Camelot Season 1 Episode 1
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And with that we, the audience, have reached the finale of CAMELOT season one. It has been an interesting season in both good and bad ways. The first few episodes of the series seemed to set a pace that was breakneck and moving forward with a strong surety of the direction the season would end. Then unfortunately somewhere in the middle, the season seemed to lose direction and to start meandering all over the map. The stories went from being dynamic to being kind of washed out and lacking the fire and direction of the first few.
Merlin (Joseph Fiennes) spends a good portion of the episode in chains or the stocks once again compliments of Morgan, but once freed he has one of the BEST scenes of the series to date with the passing of Lady Igraine. The death scene was so beautifully acted by both actors, that I found myself torn between which should live and which should die; since Merlin was willing to expend his own energies to bring her back.
Nun Sybil (Sinead Cusack) finally got her just desserts in this episode and I had not even one iota of sadness when he head left her shoulders in a bloody arc to fall into an unmarked grave. I also liked the fact that Merlin was there to deny her any kind of peace of mind as she dies by telling her there is no God.
The 10-episode epic drama, redefines the classic medieval tale of King Arthur with an exciting ensemble cast including Joseph Fiennes reimagining the iconic role of Merlin, Jamie Campbell Bower as the young and reckless Arthur, and Eva Green in her television debut as the darkly powerful Morgan. The character-driven series also features Tamsin Egerton (Guinevere), Claire Forlani (Igraine) and Peter Mooney (Kay).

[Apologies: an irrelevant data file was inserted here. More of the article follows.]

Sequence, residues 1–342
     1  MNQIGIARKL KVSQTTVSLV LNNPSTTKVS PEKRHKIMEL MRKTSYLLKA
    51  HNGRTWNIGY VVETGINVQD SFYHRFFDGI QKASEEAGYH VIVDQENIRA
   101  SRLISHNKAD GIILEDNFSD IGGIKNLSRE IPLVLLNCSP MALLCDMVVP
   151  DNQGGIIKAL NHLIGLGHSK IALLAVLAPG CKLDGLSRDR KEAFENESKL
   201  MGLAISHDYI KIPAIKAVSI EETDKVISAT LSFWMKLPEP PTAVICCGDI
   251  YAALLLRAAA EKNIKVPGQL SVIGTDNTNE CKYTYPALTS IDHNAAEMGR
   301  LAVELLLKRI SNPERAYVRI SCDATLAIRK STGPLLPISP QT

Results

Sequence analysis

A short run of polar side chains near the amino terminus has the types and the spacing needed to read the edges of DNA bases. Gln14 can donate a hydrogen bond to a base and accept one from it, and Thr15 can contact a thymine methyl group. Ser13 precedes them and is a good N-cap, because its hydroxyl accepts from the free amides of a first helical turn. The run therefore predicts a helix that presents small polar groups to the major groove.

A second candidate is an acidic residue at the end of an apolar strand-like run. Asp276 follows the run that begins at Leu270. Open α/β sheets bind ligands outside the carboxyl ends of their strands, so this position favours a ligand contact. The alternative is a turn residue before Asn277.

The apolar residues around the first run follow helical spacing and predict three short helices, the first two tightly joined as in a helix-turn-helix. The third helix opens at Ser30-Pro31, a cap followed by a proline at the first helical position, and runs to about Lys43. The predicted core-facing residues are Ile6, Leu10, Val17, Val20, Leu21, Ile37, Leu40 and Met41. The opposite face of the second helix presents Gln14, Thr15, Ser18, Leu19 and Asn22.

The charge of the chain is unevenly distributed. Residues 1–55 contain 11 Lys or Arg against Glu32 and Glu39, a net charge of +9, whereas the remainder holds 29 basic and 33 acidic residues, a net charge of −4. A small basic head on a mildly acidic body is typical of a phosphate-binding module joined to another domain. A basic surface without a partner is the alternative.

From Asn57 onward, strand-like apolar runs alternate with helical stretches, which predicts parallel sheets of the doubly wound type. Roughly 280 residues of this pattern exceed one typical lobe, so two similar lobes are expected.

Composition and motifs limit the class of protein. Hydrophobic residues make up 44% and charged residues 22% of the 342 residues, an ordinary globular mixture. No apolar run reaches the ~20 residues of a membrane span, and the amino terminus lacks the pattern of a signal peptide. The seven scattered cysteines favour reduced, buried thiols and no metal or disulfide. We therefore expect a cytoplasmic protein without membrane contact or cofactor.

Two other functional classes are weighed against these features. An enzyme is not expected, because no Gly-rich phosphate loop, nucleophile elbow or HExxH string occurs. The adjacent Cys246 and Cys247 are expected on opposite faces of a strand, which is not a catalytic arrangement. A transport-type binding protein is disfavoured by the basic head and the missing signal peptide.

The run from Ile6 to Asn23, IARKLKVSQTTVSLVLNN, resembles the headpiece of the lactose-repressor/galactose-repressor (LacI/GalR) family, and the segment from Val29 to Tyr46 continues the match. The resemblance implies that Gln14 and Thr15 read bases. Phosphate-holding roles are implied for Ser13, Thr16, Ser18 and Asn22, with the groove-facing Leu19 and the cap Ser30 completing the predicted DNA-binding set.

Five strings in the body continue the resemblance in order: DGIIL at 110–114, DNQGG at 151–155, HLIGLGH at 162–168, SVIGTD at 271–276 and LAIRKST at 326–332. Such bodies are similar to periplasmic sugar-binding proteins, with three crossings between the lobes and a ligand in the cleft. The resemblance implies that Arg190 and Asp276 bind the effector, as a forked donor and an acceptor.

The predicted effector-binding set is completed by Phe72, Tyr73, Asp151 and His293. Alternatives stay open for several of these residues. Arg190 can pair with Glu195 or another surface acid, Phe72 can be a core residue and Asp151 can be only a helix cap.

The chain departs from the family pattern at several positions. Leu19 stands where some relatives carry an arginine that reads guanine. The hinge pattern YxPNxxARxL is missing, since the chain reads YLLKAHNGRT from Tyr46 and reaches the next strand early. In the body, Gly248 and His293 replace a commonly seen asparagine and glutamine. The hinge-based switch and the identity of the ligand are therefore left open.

Advertisement The earliest known writings about King Arthur date back to the eleventh century publication ofHistoria Brittonum. Over the next thousand years people have been writing about Arthur with a fair degreeof regularity and fact and fiction have become comingled almost to the point of convolution. Hundreds of authorslike Sir Thomas Malory, T.H. White, John Steinbeck, Mary Stewart and Mark Twain have all dabbled in the Arthurianmythos at one time or another so much so that the legend of King Arthur and his knights of the round table hasbecome deeply ingrained in our culture and quite frankly in fantasy circles, it has almost becomecliché. So when it came time to watch the premiere of the new Starz series Camelot, Iwas nonplussed. Yes, it is great to see another fantasy series on television to accompany HBO's fantasticGame of Thrones, but if Starz could have possibly chosen a more played out storyline, I can'tthink of one. When you consider the fact that fantasy literature, for the most part, is virgin territoryas far as the big screen and television go and the fact that there is an enormous amount of high qualitymaterial out there to choose from makes Starz decision to create another version of King Arthur and Camelota rather boring, yet safe, choice to base a new television show.The pilot episode begins with the poisoning of Uther Pendragon at the hands of his daughter MorganPendragon. Merlin gets Uther to sign over the succession of his kingship to his bastard son Arthur who has beenkept hidden away and his identity unknown, even to himself, until Merlin shows up to gather Arthur up to takethe throne and repair the now crumbling monarchy. In subsequent episodes Arthur establishes his court bygathering his knights and rebuilding the ancient fallen Roman stronghold known as Camelot while Morgancontinues to plot for the throne using her dark powers.After the first few episodes, a couple things became readily apparent. First of all, Starz was going to takea much starker, more realistic approach to the story of Arthur then has been common in the past. You won'tfind any knights in shining armor, majestic castles or Merlin with his traditional long white beard andwizard's cap. What you will find if you're able to sort through the jumble of facts that is the actualhistory of King Arthur, is that Starz is creating their own vision of Camelot based on some very accuratehistorical research comingled with a bit of artistic license and, of course, sex and violence. Throughoutthe series viewers will see alternative takes on commonly know elements of the Arthurian mythos like thesword in the stone and the lady of the lake. Morgan's and Merlin's magical powers are very well handledand, at times, even seem plausible.Yes, the cast are all a little too pretty to have lived in England in the fifth century, but hey that'stelevision for you and for the most part the cast is excellent. Eva Green as Morgan Pendragon, theincredibly beautiful and wickedly sexy half sister of Arthur, is an exceptionally well donecharacter. She was a Bond girl so you know she is amazingly sexy but she also happens to be a verytalented actress. She steals the show for me as she will for most male viewers between the agesof 15 and 85. I would be remiss if I failed to mention the other cast member that really stands outin my mind and that would be British actor Joseph Fiennes (Shakespeare in Love and Elizabeth)as Merlin. He is terrific and his acting along with the show's writers give this version of Merlin amuch different feel than what we have been used to in the past. Overall, I think Camelot isvery well done. I was pleasantly surprised at the approach Starz is taking to this series and for fantasyfans it's well worth your time to catch the first season. It's not exactly ground-breaking television,nor is it going to be worthy of any Emmys for drama, but this is highly entertaining television withenough original ideas mixed in with the traditional Arthurian mythos to keep the show entertaining and fresh.Copyright 2011 Dominic CilliWhen asked to write a third-person tag line for his reviews, Dominic Cilli farmed the work outto an actual 3rd person, his friend Neal, who in turn turned it over to a second person who thenasked his third cousin to help out and this person whom Dom doesn't even know then wrote in 8thperson Omniscient mode \"Dom's breadth of knowledge in literature runs the gamut and is certainlynot bounded by the Sci-Fi/Fantasy genre. One thing I can say with certainty is that of allthe people I don't know who've ever recommended books to read, Dom's recommendations are the best.\"If you find any errors, typos or anything else worth mentioning,please send it to email@example.com.Copyright 1996-2014 SF Site All Rights Reserved Worldwide